Damian Mc Carthy • Director de Caveat
"Quería que Caveat tuviera el estilo de una vieja historia de fantasmas"
- Hemos hablado con Damian Mc Carthy, director de la producción británica Caveat, que inauguró el IndieCork Film Festival
Este artículo está disponible en inglés.
We spoke to Irish writer-director Damian Mc Carthy, whose debut feature, Caveat [+lee también:
entrevista: Damian Mc Carthy
ficha del filme], opened the 2020 edition of the IndieCork Film Festival (4-18 October), one of Ireland's leading events celebrating independent cinema and music.
Cineuropa: How did the idea for Caveat come about?
Damian Mc Carthy: It started with images that interested me. A drumming bunny held by the ears, guiding a girl with a bloody nose around an old house. A bearded man in a leather harness with a long chain attached to it, calmly going about his day, not struggling to escape the restraint. I remember an interview with Guillermo del Toro where he said to “start with images that excite you, and then build a story around them”. Those two images led me into the story. I wrote the script very quickly in January-February 2017, and we shot the film in December.
Why did you choose to film in Bantry? How did you find the location?
I'm from Bantry myself. There were a number of reasons to film there. I have a lot of family and friends there whom I knew I could rely on to help, as the film didn't have much of a budget. The external locations are places I grew up around, and I always thought they looked cinematic. For the internal location of the house, we filmed at Bantry House: it’s this amazing stately home that's a popular tourist destination in Ireland. It has these incredible views overlooking the Atlantic – a real romantic location. A lot of newly-weds want to have their wedding photos taken there. But I was making a horror film, not a romantic costume drama, so it just didn't fit the story. As the house is hundreds of years old, there were older rooms and other buildings on the property that were perfect for the creepy story I was telling.
What were the main challenges throughout the production process?
I had to ask for a lot of favours, which I'm not comfortable with. For about a year, every word coming out of my mouth was “Can I borrow...” or “Could you help me with…”. You also have to do so much other work on top of getting ready to direct the movie. From finding props to driving long distances for the exact type of wallpaper you want, helping build sets, or staring into the mechanics of a drumming bunny at 2 am, trying to figure out why only one of its arms is moving. But that's just the nature of no-budget filmmaking. Luckily for me, everybody was eager to help.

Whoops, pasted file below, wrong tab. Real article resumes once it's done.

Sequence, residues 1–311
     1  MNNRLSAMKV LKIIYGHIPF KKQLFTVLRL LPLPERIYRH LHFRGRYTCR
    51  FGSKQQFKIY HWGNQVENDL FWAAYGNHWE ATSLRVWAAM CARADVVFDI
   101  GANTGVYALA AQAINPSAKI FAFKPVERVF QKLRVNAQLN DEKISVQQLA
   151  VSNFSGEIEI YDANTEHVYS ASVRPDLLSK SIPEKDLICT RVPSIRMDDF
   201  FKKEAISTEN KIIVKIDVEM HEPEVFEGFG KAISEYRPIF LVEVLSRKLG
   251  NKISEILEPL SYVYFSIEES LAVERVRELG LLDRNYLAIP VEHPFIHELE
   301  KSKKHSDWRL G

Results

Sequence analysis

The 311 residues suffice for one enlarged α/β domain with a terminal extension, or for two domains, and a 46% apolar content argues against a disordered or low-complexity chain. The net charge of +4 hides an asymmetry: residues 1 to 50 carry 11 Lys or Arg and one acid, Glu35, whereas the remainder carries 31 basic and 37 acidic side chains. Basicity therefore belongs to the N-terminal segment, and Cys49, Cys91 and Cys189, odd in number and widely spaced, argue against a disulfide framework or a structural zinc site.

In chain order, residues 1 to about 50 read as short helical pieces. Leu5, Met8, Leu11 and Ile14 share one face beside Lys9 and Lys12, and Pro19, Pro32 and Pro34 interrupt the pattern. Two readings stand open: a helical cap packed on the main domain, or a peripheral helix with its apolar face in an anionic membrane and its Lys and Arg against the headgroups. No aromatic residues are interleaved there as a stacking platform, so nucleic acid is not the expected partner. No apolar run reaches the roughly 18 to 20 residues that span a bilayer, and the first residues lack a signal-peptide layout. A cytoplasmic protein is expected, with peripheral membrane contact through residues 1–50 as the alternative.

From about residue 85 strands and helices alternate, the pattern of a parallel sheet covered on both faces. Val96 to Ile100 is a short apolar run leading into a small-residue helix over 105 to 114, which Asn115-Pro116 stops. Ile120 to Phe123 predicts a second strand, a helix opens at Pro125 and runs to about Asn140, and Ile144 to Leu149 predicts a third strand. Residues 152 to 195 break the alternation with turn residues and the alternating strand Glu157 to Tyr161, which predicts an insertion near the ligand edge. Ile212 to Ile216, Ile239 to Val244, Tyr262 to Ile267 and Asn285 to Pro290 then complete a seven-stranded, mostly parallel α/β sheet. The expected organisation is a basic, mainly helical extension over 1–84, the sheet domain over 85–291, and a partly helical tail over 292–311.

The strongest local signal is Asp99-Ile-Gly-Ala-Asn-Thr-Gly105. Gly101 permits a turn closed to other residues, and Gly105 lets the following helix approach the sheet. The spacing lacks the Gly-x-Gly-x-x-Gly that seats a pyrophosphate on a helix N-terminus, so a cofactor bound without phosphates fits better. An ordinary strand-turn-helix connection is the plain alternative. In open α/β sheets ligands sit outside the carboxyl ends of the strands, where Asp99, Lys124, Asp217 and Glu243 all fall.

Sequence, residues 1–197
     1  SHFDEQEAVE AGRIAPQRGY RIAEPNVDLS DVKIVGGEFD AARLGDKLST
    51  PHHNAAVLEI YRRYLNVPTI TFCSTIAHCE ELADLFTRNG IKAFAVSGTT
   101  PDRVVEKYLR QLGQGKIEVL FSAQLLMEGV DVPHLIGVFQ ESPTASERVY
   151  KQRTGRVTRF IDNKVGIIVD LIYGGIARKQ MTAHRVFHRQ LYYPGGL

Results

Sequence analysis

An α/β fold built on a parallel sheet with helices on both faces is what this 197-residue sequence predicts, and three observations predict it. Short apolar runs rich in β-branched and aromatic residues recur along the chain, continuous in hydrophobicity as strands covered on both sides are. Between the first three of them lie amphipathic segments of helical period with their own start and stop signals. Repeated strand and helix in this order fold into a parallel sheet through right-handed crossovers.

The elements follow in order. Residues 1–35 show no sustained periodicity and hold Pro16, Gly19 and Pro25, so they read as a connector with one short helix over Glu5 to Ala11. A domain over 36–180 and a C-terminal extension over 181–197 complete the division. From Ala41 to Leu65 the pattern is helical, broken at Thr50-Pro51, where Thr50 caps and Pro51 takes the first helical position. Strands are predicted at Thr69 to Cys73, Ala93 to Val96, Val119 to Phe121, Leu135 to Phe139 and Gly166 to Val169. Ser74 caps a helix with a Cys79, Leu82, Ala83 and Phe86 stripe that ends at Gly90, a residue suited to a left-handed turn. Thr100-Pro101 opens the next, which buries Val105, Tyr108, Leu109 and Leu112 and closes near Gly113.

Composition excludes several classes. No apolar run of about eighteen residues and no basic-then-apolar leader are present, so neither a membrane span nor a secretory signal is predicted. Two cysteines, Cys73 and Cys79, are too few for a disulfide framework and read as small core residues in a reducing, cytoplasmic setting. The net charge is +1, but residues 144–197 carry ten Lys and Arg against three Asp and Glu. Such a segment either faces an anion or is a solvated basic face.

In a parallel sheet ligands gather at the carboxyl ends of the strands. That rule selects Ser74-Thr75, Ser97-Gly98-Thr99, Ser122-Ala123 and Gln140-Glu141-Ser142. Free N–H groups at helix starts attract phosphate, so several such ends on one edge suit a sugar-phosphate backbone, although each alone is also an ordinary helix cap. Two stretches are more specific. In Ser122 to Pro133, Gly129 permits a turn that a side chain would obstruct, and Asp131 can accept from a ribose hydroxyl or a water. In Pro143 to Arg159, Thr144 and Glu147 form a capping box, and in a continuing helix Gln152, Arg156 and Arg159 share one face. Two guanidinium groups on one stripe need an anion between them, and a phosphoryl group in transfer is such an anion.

The edit was also challenging. I cut the film on an old MacBook Pro. I was trying to work my nine-to-five job to pay the rent, and then any free time I had was used to push the film forward another minute or so. It was painfully slow.
How was your work on set with the trio of actors?
I was very lucky. They were kind, patient and talented, and the three of them were so different. I don't remember giving them much direction on set. They knew what they were doing. I think Leila [Sykes], who played Olga, had the toughest job, as she had to handle the crossbow and look natural doing so. She also had to contend with the drumming diva. The opening sequence has the drumming bunny leading a bloody-faced Olga around the house. We had a hidden wire trailing off the bunny with a switch that would make him drum. That drumming bunny was a nightmare, as sometimes he worked and sometimes he didn't, but Leila was very focused on her performance.
Ben [Caplan] has been acting for years, so clearly he had the most experience on set. I had made enough shorts to know where to put the camera and what I wanted, but Ben would offer great suggestions on blocking or how to do something to make my job easier. He was very generous. Finally, Jonathan [French] was an absolute find. He had this innocent, gentle look about him that suited the character perfectly. I wanted the protagonist to believably never resort to violence, even when it would solve all his problems, and Jonathan really got this.
Are there any visual pieces that inspired the cinematography?
I wanted it to look like an old ghost story – lots of crushed blacks and warm glows, as if lit by lamplight. I sent my DoP, Kieran Fitzgerald, a lot of images of what I was thinking of – and many of what I didn't want it to look like. The main goal was to avoid any dominant greens or reds – anything that would make it look like a torture movie or a slasher. I watch those films, too, but this isn't what I was making.
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